bortonia via Getty ImagesIUDs involve three major cramps during the insertion process.
Intrauterine devices are becoming increasingly more common in the United States (although the birth control method is still not nearly as popular as others like the pill). People love them for a reason. They last a long time and they boast a near-foolproof degree of protection, with some covering you for up to 10 years. But there’s one major gripe many have with the birth control tool: The insertion can hurt like hell.
What does it feel like, exactly? You can think of it like a series of intense cramps or pain, which “can be worse for some,” according to Planned Parenthood. In Cosmopolitan’s reporting, some women say it “hurt less than a bikini wax,” while others claim it’s “about five seconds of the worst pain I’ve ever felt in my life.” Oy.
Basically everyone’s experience is a little different, but if you haven’t ever had an IUD, it’s just best to be fully prepared for the pain going in, said Mary Rosser, an assistant professor of obstetrics and gynecology at Columbia University Medical Center.
“It’s a fabulous method of birth control,” she said. “But it’s important to set expectations about the pain, while understanding that everyone has a different pain threshold.”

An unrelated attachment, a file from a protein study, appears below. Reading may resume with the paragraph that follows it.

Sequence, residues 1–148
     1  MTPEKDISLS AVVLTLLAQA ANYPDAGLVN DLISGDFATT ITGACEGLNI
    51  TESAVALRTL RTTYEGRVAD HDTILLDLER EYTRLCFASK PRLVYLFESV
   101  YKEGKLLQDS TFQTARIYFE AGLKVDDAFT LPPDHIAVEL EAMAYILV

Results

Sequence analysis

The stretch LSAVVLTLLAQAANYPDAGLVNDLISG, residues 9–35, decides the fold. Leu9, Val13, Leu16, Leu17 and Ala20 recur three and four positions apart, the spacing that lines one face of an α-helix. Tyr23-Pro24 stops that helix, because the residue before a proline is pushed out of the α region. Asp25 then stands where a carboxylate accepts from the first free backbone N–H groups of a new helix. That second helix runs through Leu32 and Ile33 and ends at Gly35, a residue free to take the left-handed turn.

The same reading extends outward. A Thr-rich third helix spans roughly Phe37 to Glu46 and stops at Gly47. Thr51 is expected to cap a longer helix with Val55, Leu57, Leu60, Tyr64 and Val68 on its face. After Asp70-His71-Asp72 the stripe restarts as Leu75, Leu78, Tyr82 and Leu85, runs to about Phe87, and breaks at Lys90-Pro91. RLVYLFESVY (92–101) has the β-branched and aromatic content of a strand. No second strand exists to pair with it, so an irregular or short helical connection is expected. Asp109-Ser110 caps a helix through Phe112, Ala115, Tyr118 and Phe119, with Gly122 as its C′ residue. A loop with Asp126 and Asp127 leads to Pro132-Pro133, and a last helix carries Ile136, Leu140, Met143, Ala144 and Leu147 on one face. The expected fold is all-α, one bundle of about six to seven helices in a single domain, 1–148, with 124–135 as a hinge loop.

Neha Bhardwaj, an assistant professor of obstetrics, gynecology and reproductive science at Mount Sinai Hospital, said she tries to be upfront with her patients that the procedure is “uncomfortable,” even though the entire insertion process usually lasts under five minutes.
Why On Earth An IUD Insertion Is So Painful
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To understand why the pain occurs, it’s important to understand the entire procedure. During an IUD insertion, the pain happens in steps.
After counseling the patient and getting consent, your doctor will “insert the speculum like she might during a pap smear,” Rosser said. She will clean your cervix with a solution that will prevent infection, while also stabilizing the cervix with a tool called the tenaculum. All the tools used are completely sterile, and you’ll probably feel the first major cramp during this phase.
After stabilizing the cervix, your doctor will tell you to take deep breaths. “From here, we use a tool [called the sound] to measure the length of the patient’s cervical canal and uterus,” Bhardwaj said. “This is the second big cramp you’ll feel.” If your doctor can’t get the slim instrument through the cervix, she may have to use medication to dilate the cervix.
It’s important that your doctor knows the length and direction of your cervix and uterus to reduce the risk of perforation, where the IUD might go through the uterine wall. In rare cases, a uterus might be too small for an IUD ― in which case, you’d want to discuss alternative methods of birth control with your physician.